Tapping into a student’s sense of place can serve as a powerful critical literacy tool in the classroom, teaching students how to read the word and “their world.” This notion of political-literacy instruction, made popular by the work of Paulo Freire, is ever important for rural learners. A critical stance toward rurality is vital for the sustainability of rural communities, and the onus is not just on rural educators and students but on society at large. Urban and suburban students are waiting outside in the cold for tickets, too; after all, sustainability issues like mountain top removal and fracking have huge implications for rural communities but they are nonetheless national energy, environmental and economic issues.

Katniss didn’t need the hunger games to understand how District 12 was being exploited; however, we may need this trilogy to incorporate place and rurality as part of a critical and culturally-responsive literacy pedagogy for all students. Despite reports telling us that adolescents can’t or don’t read, they do crave relevance in the curriculum, and place-based pedagogy can strengthen students’ personal connections to what might otherwise seem irrelevant. We need not replace the canon with young adult novels, but rather invite students to debate the symbolism of “mockingbirds” in “To Kill a Mockingbird” and “mockingjays” in Collins’ novels, all the while asking them to consider how place influences their reading of those texts, their own sense of place and ultimately, what are the mockingbirds and mockingjays in our own communities.

Place-based strategies at work:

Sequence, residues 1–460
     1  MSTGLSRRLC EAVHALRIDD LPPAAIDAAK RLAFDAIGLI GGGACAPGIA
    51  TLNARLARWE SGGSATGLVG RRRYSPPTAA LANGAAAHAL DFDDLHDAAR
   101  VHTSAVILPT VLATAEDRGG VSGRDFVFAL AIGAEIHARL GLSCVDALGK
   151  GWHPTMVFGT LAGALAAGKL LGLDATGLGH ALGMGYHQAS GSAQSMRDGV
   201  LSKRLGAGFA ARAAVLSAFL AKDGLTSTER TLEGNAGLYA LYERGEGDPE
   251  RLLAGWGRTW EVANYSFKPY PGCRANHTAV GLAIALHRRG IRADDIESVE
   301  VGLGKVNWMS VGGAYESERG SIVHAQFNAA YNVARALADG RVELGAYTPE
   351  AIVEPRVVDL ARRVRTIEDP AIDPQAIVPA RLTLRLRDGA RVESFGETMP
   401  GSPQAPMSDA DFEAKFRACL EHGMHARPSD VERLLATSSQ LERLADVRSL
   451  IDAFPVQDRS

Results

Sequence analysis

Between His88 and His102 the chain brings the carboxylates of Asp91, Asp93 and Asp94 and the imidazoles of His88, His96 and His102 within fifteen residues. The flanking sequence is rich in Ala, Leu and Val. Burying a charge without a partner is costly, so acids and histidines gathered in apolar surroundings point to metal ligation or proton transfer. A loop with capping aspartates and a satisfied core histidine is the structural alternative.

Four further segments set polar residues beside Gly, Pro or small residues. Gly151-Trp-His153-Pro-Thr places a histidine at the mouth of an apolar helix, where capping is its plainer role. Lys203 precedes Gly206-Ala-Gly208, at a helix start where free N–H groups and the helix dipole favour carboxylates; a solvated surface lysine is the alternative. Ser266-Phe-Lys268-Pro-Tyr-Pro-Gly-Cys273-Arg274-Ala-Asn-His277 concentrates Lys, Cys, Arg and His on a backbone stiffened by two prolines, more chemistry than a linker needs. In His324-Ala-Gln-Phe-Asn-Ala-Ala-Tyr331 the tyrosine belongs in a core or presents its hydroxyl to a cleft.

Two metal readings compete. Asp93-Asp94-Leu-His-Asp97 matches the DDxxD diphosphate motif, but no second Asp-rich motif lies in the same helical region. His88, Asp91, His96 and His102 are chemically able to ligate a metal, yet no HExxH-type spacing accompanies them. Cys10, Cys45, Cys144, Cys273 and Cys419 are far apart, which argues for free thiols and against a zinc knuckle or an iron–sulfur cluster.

“The Hunger Games” trilogy provides teachers with an ideal opportunity to wed an engaging and popular young adult novel with a rural heroine to an English curriculum that might seem otherwise irrelevant. The heroes of District 12 hail from “a region known as Appalachia,” and the young adult series provides educators with opportunities to teach students critical literacy skills as they consider place and explore how rurality is depicted in popular media. Consider using the critical questions below to guide instruction.

P: People & Politics:

Who are the people in my place? How are these people portrayed? Who makes decisions about my place?

L: Life & Literacy:

What is it like to live in my place? What discourse communities am I part of? Which ones am I not part of? What are the literacies and critical literacies needed in my place?

A: Access & Affect:

How does my place afford or hinder my access to other places or spaces? How do I feel about my place? How do others feel about it?

C: Community & Citizenship:

What does it mean to be part of the collective consciousness of my place? What does it mean to be a citizen here? What did it mean to be a “good citizen”?

E: Engagement

How do I engage with my place? Am I an agent of change? What questions do I need to explore to become critically engaged now and in the future?

Place connections

Place: Self connections

What is my own sense of place? Students can describe their own discourse communities. What are the words of our community? Who keeps them? Who tells our story to the outside world?

Place: Text connections

How does Katniss represent District 12 as a tribute? How was Katniss or other characters portrayed? What evidence do we have to suggest that she had a special, critical knowledge of the people and spaces in her place?

Place: World connections

How is my place perceived? What is happening in my place that has implications for other places (e.g., coalmining)? Which decisions, policies, practices made about my place have implications for my community?

Amy Price Azano is a professor of adolescent literacy at Virginia Tech. Follow her on Twitter @ruralprof.